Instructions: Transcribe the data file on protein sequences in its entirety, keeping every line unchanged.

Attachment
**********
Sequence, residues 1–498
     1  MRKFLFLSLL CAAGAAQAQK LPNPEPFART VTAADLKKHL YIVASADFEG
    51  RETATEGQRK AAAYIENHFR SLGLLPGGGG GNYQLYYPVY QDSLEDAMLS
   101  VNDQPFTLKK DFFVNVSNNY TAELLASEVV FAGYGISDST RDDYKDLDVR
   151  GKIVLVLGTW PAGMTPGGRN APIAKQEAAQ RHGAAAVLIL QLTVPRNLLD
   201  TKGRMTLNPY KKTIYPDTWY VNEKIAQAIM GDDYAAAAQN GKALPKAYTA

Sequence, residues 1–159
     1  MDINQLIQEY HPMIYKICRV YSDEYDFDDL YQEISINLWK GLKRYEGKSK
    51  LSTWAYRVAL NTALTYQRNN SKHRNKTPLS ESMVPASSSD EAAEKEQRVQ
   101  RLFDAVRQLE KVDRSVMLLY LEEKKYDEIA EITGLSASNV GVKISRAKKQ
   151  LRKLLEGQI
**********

Sequence, residues 1–498
     1  MRKFLFLSLL CAAGAAQAQK LPNPEPFART VTAADLKKHL YIVASADFEG
    51  RETATEGQRK AAAYIENHFR SLGLLPGGGG GNYQLYYPVY QDSLEDAMLS
   101  VNDQPFTLKK DFFVNVSNNY TAELLASEVV FAGYGISDST RDDYKDLDVR
   151  GKIVLVLGTW PAGMTPGGRN APIAKQEAAQ RHGAAAVLIL QLTVPRNLLD
   201  TKGRMTLNPY KKTIYPDTWY VNEKIAQAIM GDDYAAAAQN GKALPKAYTA

Sequence, residues 1–159
     1  MDINQLIQEY HPMIYKICRV YSDEYDFDDL YQEISINLWK GLKRYEGKSK
    51  LSTWAYRVAL NTALTYQRNN SKHRNKTPLS ESMVPASSSD EAAEKEQRVQ
   101  RLFDAVRQLE KVDRSVMLLY LEEKKYDEIA EITGLSASNV GVKISRAKKQ
   151  LRKLLEGQI